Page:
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Summary:

Batteries continue to be the bane of mobile devices, but research done at Northwestern University could change that, with longer-lasting batteries that charge in minutes, not hours. Imagine a battery that lasts 10 times longer than today’s power packs with a 15-minute recharge time!

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Batteries continue to be the bane of mobile devices, but research done at Northwestern University could change that, with longer-lasting batteries that charge in minutes, not hours. The new science shouldn’t increase the size of batteries but instead modifies the chemical reaction that takes place inside lithium-ion power packs, allowing for 10 times the capacity, says PC Mag. Don’t run out to the store looking for these batteries just yet, though: They are not expected to hit the market for three to five years.

According to Northwestern’s Professor Harold Kung, the longer-lasting batteries take advantage of two new processes. First, the number of lithium-ion atoms in the battery’s electrode are boosted by using silicon in place of carbon between sheets of graphene in the battery. It sounds complicated, but the gist is this: Silicon works 24 times more efficiently with lithium ions compared to carbon, which is used in traditional batteries.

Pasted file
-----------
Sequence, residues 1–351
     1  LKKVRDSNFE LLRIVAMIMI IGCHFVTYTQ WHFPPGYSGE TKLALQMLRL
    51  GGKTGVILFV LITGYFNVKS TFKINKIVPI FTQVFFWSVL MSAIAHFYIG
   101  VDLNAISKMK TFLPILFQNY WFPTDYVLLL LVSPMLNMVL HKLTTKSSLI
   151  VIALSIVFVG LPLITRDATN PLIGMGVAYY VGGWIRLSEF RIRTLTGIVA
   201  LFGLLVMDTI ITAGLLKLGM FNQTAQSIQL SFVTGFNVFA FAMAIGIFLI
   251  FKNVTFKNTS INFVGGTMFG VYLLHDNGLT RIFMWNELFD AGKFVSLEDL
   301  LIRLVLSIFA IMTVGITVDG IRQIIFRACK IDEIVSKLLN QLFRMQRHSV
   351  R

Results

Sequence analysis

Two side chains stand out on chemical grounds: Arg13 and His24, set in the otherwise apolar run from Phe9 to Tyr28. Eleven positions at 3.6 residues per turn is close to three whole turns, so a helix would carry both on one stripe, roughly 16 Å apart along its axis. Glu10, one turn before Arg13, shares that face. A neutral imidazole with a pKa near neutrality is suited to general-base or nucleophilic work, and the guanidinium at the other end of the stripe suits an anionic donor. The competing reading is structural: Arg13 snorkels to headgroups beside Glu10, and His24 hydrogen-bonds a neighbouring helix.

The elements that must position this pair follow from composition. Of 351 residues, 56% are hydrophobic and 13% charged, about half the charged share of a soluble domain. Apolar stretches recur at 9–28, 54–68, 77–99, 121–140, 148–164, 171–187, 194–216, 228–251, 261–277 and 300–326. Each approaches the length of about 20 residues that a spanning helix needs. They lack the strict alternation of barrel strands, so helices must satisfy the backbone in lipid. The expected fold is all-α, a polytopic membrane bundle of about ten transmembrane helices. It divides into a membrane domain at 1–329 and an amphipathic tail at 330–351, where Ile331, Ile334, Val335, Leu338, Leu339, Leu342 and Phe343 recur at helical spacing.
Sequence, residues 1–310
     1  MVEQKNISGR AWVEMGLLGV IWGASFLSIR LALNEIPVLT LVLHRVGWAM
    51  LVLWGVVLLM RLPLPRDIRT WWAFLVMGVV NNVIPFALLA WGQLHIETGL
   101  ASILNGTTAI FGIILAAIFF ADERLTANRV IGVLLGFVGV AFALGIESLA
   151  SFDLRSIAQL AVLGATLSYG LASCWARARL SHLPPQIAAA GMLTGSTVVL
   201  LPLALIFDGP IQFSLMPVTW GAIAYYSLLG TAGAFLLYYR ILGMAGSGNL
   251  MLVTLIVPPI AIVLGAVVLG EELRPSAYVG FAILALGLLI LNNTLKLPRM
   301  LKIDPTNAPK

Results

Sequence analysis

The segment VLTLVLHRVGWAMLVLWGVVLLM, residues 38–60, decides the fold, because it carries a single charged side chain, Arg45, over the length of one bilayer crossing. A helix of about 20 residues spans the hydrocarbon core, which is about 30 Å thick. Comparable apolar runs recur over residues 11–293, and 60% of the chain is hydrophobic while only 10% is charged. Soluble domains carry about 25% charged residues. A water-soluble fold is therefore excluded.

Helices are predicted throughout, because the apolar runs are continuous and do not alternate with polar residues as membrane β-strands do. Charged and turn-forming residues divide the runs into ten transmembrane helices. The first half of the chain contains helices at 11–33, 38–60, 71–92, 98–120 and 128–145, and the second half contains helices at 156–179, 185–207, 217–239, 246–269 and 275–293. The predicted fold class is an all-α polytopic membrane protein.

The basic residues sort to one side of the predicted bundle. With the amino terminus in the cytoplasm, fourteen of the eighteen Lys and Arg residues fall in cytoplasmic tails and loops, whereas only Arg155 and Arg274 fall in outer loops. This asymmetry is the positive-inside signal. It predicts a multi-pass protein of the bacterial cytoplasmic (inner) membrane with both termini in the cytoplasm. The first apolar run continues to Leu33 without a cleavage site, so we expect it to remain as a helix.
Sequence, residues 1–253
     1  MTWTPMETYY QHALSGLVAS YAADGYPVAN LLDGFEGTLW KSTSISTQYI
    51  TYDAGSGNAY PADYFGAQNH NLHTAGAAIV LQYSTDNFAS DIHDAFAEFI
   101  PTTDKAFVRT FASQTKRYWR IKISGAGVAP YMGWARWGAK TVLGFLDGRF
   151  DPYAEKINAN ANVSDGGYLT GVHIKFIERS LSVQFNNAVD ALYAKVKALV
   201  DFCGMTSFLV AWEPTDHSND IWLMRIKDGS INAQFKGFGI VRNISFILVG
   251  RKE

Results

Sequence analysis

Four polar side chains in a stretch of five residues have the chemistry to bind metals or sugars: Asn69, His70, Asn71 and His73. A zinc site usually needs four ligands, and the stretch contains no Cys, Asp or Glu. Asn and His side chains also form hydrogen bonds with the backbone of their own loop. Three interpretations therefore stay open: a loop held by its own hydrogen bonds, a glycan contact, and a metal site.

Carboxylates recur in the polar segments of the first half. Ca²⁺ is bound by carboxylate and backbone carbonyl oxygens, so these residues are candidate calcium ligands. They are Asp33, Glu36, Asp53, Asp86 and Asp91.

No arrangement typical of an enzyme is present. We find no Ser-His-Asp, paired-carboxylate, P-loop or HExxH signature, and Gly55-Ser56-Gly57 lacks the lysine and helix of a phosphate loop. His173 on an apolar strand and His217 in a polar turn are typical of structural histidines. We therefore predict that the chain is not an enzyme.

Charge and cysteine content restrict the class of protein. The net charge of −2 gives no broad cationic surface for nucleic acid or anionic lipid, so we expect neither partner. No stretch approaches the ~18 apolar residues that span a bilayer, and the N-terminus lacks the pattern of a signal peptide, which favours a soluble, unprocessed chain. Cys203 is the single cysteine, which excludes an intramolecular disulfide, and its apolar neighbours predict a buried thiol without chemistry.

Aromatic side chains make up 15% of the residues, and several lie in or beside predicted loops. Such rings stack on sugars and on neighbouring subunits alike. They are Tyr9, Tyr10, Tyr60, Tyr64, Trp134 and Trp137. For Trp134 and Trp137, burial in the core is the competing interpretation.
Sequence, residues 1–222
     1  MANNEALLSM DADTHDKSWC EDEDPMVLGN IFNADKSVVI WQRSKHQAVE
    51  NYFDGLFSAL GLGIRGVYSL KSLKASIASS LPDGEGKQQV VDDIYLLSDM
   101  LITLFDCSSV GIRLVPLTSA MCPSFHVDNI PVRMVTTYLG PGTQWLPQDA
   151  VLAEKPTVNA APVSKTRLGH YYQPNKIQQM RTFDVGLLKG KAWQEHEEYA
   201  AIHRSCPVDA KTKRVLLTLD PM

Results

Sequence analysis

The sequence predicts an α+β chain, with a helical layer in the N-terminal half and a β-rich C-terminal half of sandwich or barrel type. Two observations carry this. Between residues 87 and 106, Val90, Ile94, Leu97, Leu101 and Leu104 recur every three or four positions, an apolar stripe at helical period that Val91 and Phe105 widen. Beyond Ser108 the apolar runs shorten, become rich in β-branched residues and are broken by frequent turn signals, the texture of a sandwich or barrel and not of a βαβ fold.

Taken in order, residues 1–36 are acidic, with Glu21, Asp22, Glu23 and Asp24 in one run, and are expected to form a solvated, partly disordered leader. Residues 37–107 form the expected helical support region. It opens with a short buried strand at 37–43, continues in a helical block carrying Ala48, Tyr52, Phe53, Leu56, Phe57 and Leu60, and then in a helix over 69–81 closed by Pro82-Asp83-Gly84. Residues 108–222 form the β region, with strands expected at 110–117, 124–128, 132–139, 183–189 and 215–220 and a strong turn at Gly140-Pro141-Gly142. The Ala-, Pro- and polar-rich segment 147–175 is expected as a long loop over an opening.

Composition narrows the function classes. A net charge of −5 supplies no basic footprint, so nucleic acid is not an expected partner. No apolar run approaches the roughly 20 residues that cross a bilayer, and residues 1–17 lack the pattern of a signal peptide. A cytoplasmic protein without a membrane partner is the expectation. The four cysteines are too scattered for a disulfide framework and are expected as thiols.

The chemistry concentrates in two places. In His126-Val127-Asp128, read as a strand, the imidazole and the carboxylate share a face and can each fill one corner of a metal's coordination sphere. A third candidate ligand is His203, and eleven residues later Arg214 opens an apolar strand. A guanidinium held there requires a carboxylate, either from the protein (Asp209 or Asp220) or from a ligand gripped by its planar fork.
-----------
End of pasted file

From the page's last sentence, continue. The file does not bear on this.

Second, the research team scored the graphine sheets with microscopic holes, allowing the lithium ions to travel faster within the battery. These techniques improve both the recharge time and density of lithium ions, which equates to longer-lasting batteries with fast recharge times, perhaps as little as 15 minutes. Kung explains the process as having “[T]he best of both worlds. We have much higher energy density because of the silicon, and the sandwiching reduces the capacity loss caused by the silicon expanding and contracting.”

Battery science hasn’t changed all that much as our addiction to go mobile has risen, so the new research is promising. Part of the problem is that technology cycles for components used in smartphones, tablets and laptops are increasing in speed. Hardware is getting faster and more capable while also shrinking in size. But the extra room gained inside devices is often used for more components and features, not bigger batteries that just make the devices heavier — not a desirable aspect.